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Now online: The world's largest archive of natural sounds

Posted by Kevin Hartnett  February 14, 2013 11:34 AM

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Thumbnail image for Loon.jpeg
Cornell University's Lab of Ornithology began archiving sounds from the natural world back in 1929, when the lab's founder, Arthur Allen, took down a short, four-second recording of a song sparrow. Since that time the lab has collected nearly 150,000 more recordings, and as of January you can search and listen to them all online.

The digitization project took 12 years to complete and all told it contains recordings of about 9,000 species totaling 7,513 hours of sounds. In a post on Cornell’s Tumblr announcing the completion of the effort, staff from the MacAulay Library (which houses the archive) highlighted a handful of particularly superlative recordings. These include:

  • The “staccato hammering” of a walrus underwater, recorded off the coast of British Columbia.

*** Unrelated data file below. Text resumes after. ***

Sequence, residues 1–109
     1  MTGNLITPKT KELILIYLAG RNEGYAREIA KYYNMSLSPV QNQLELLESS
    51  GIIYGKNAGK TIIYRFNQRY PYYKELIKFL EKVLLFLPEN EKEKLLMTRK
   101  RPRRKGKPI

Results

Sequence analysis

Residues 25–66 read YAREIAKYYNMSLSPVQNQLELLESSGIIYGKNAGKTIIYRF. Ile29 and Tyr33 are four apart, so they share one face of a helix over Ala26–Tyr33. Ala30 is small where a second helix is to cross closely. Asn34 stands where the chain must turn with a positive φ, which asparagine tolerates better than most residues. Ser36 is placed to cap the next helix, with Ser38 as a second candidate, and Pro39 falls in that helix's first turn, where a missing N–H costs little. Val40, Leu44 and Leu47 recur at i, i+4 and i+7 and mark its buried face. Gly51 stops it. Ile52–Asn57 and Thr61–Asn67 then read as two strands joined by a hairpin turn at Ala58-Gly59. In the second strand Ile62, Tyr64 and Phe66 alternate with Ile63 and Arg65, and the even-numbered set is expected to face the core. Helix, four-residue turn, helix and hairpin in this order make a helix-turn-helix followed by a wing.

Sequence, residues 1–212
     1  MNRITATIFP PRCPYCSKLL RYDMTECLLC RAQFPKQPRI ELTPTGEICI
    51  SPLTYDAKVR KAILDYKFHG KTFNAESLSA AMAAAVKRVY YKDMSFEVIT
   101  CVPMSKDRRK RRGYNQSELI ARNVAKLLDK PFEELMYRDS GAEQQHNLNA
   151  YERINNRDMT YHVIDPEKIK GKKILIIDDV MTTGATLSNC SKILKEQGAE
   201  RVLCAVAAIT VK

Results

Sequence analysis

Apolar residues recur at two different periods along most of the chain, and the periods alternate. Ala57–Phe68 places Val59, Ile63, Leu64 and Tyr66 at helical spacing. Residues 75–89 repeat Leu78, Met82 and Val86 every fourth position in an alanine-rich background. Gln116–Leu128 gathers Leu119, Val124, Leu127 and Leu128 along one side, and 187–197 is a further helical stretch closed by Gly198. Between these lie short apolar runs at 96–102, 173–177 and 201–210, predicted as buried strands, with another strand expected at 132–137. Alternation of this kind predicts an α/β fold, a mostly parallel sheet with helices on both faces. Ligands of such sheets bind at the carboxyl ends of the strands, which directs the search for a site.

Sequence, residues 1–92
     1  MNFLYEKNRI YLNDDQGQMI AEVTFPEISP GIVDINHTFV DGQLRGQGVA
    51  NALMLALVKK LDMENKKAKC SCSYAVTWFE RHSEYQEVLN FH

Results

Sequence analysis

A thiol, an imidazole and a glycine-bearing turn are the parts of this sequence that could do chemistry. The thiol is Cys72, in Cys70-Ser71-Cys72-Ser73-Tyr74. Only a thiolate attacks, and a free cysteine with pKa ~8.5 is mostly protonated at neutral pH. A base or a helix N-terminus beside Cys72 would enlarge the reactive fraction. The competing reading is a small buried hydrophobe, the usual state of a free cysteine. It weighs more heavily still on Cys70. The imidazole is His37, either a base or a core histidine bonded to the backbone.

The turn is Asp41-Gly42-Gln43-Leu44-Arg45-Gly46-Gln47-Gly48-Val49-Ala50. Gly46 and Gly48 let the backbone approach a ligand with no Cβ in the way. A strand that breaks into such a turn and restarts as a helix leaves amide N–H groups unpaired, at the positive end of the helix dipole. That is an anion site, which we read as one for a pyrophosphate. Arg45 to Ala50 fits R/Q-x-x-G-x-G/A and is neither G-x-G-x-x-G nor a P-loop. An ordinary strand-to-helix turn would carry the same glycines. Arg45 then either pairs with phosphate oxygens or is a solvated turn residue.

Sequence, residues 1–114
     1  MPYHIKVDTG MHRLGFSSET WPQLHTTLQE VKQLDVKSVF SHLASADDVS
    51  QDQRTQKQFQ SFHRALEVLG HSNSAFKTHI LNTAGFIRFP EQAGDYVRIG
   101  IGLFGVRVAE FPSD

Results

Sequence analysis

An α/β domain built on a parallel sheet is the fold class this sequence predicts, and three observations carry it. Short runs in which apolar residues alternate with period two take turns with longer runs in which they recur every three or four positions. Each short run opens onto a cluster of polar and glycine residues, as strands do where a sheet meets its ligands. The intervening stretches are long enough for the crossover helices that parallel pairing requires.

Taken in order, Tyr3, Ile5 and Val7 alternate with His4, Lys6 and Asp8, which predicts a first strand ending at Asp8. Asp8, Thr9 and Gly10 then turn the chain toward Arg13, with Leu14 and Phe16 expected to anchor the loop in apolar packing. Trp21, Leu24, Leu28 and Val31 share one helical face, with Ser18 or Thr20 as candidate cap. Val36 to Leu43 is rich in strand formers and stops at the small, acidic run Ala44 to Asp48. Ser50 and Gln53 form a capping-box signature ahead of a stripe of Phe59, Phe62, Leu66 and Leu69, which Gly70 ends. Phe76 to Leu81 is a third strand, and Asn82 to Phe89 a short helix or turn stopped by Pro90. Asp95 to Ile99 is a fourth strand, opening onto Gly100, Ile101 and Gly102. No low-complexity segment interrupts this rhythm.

• The eager squeak of a not-quite-newborn ostrich as it tries to break through its shell, recorded at Cornell in 1966.
  • The extraterrestrial hoot of a Curl-crested Manucode, recorded in Papua New Guinea in 2011.
But the one I find myself listening to on loop is the mournful, end of days call of a loon, recorded on Mason Lake in the Adirondacks in 1992.

Image of Pacific Loon courtesy of Wikimedia Commons

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About brainiac Brainiac is the daily blog of the Globe's Sunday Ideas section, covering news and delights from the worlds of art, science, literature, history, design, and more. You can follow us on Twitter @GlobeIdeas.
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